• Investable universe estimates can help investors devise ‘neutral weights’ for markets and sectors, which they can then adjust based on structural considerations (e.g. tax status) and their views of relative value. We look forward to sharing our outlook and strategic recommendations for 2024 real estate investment in our upcoming ISA Outlook 2024, the first installment of which will be released on November 14.


    1 Vintages around the time of market disruption tend to outperform, according to LaSalle analysis of data from the INREV Global IRR Index through Q4 2022. See page 30 of our ISA Portfolio View for a more complete discussion of this analysis.  

    2 Source: MSCI. Data as of 2022 (most recent available).

    Important Notice and Disclaimer

    This publication does not constitute an offer to sell, or the solicitation of an offer to buy, any securities or any interests in any investment products advised by, or the advisory services of, LaSalle Investment Management (together with its global investment advisory affiliates, “LaSalle”). This publication has been prepared without regard to the specific investment objectives, financial situation or particular needs of recipients and under no circumstances is this publication on its own intended to be, or serve as, investment advice. The discussions set forth in this publication are intended for informational purposes only, do not constitute investment advice and are subject to correction, completion and amendment without notice. Further, nothing herein constitutes legal or tax advice. Prior to making any investment, an investor should consult with its own investment, accounting, legal and tax advisers to independently evaluate the risks, consequences and suitability of that investment.

    LaSalle has taken reasonable care to ensure that the information contained in this publication is accurate and has been obtained from reliable sources. Any opinions, forecasts, projections or other statements that are made in this publication are forward-looking statements. Although LaSalle believes that the expectations reflected in such forward-looking statements are reasonable, they do involve a number of assumptions, risks and uncertainties. Accordingly, LaSalle does not make any express or implied representation or warranty, and no responsibility is accepted with respect to the adequacy, accuracy, completeness or reasonableness of the facts, opinions, estimates, forecasts, or other information set out in this publication or any further information, written or oral notice, or other document at any time supplied in connection with this publication. LaSalle does not undertake and is under no obligation to update or keep current the information or content contained in this publication for future events. LaSalle does not accept any liability in negligence or otherwise for any loss or damage suffered by any party resulting from reliance on this publication and nothing contained herein shall be relied upon as a promise or guarantee regarding any future events or performance.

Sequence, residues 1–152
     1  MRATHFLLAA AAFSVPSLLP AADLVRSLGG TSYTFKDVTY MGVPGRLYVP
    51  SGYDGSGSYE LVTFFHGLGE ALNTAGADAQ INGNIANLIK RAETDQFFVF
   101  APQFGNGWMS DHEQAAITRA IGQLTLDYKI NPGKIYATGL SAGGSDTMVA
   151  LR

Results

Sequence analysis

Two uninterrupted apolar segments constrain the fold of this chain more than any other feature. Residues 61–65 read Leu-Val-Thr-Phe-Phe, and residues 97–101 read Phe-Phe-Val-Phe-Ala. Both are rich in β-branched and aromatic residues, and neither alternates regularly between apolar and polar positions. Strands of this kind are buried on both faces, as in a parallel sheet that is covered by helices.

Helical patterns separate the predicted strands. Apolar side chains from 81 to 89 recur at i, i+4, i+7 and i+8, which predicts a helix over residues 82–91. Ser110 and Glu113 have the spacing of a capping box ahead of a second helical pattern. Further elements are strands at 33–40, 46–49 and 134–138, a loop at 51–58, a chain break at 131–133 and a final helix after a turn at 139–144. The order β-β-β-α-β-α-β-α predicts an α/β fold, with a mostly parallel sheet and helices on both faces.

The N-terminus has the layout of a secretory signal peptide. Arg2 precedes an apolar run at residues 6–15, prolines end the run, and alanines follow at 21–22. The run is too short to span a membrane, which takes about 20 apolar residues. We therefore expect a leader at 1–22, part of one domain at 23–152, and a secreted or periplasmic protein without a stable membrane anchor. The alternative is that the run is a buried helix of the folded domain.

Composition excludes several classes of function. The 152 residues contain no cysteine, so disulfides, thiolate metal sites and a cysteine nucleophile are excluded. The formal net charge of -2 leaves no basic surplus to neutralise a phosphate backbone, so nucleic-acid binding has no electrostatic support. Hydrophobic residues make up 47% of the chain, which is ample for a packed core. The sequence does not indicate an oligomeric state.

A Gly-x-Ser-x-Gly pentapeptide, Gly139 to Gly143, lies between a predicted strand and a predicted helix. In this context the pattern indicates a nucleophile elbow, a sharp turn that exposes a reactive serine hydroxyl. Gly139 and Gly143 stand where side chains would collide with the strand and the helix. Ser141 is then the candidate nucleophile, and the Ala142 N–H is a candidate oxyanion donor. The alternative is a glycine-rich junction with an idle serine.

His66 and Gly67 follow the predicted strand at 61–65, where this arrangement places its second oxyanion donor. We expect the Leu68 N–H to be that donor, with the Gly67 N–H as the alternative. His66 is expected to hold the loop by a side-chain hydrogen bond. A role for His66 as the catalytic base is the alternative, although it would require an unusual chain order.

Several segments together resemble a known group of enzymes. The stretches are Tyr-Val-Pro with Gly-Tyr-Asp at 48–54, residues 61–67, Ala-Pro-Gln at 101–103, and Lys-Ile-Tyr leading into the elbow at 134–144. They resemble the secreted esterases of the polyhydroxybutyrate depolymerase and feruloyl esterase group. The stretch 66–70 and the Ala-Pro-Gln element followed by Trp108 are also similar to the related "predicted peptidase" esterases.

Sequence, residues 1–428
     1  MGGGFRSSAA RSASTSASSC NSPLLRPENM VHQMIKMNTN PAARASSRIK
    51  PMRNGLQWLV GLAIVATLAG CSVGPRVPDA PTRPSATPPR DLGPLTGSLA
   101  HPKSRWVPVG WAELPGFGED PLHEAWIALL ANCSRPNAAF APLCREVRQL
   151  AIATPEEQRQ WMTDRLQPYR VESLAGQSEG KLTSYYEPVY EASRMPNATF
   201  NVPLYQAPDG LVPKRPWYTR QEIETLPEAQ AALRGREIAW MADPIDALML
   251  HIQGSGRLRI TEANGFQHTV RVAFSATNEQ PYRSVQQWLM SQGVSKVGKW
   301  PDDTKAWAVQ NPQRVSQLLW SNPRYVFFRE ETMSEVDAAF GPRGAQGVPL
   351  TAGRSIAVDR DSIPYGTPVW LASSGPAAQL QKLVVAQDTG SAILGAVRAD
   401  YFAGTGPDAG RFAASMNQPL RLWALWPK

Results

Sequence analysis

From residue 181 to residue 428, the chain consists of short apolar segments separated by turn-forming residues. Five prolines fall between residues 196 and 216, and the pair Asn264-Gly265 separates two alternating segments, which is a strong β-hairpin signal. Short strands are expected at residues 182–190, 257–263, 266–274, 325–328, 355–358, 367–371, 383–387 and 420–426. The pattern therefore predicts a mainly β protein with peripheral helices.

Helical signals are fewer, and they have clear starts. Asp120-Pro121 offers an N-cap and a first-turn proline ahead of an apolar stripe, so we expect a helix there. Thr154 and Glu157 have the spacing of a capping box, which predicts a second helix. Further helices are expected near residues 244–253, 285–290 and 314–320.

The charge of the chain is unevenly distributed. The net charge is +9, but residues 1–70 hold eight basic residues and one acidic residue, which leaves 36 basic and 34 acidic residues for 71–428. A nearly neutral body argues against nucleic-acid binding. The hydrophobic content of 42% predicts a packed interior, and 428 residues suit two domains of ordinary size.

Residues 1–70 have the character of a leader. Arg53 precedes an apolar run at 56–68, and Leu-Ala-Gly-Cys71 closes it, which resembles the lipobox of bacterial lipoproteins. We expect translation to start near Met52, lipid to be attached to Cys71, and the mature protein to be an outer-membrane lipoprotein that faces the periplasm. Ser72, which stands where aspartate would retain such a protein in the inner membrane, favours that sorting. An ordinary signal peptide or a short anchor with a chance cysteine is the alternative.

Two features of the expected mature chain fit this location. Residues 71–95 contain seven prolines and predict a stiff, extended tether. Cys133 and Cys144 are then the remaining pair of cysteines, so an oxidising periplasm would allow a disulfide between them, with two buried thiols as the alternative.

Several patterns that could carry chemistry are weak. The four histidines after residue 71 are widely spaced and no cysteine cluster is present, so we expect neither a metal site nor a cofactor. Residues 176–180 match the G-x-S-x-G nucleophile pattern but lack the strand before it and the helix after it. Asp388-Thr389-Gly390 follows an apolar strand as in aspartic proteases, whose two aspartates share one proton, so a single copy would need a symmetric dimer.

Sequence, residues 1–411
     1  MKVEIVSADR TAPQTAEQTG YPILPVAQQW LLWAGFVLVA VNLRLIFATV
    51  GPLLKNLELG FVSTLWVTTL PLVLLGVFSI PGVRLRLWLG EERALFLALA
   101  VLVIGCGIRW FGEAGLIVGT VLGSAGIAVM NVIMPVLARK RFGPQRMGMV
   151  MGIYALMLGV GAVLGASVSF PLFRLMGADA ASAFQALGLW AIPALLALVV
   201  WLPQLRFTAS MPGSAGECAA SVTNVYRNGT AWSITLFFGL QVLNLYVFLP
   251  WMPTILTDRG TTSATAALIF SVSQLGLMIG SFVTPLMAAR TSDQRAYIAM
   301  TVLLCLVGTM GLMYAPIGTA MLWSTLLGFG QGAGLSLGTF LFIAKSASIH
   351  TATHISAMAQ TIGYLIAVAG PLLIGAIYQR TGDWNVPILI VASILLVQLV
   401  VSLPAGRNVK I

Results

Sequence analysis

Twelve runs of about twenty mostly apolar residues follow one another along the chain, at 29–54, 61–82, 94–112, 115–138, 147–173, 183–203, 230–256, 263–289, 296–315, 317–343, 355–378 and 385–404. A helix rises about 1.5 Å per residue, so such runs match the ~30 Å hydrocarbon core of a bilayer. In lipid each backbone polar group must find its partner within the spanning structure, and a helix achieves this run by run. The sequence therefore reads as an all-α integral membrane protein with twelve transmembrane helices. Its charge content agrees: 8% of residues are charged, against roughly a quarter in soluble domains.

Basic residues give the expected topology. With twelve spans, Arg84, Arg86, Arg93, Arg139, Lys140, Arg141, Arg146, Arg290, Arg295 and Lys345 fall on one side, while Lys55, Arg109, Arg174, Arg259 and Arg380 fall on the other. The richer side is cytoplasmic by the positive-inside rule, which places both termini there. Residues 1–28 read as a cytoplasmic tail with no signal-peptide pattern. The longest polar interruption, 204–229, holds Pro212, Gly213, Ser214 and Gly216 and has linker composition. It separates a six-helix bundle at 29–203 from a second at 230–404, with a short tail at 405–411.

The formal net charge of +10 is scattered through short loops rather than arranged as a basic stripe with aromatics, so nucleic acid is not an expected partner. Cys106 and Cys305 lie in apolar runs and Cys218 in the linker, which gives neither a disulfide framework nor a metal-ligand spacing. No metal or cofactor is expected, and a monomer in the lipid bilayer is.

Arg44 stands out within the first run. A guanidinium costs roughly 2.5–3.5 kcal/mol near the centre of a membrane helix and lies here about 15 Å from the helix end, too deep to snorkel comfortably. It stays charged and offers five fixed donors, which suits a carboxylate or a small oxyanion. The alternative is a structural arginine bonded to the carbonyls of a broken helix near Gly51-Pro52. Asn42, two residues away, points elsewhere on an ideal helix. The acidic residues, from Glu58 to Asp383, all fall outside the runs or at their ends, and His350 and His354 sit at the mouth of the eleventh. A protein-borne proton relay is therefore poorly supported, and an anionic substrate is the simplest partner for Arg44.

By accepting receipt of this publication, the recipient agrees not to distribute, offer or sell this publication or copies of it and agrees not to make use of the publication other than for its own general information purposes.

    Copyright © LaSalle Investment Management 2023. All rights reserved. No part of this document may be reproduced by any means, whether graphically, electronically, mechanically or otherwise howsoever, including without limitation photocopying and recording on magnetic tape, or included in any information store and/or retrieval system without prior written permission of LaSalle Investment Management.

a picture of a european city overlooking a river
Apr 17, 2024 ISA Briefing: Climate risk in practice: Regional, market and asset-level views Recognition has grown substantially in recent years that climate risk can shape real estate investment outcomes.
Apr 11, 2024 Physical Climate Risks and Underwriting Practices in Assets and Portfolios LaSalle and the ULI have released a step-by-step framework to evaluate physical and financial risk and compare cost and benefits of resilience.
an image of a person putting a voting ballot into a ballot collection box
Apr 03, 2024 ISA Briefing: Elections everywhere, all at once: Geopolitics and risk 2024 is an election year like no other. Roughly 60% of the world’s population lives in countries facing major elections this year. Combined, these markets represent approximately 65% of the institutional investable real estate universe.

No results found

Make sure you’ve spelled everything correctly, or try searching for something else. If you still can’t find what you’re looking for, you can always Contact us to talk to someone.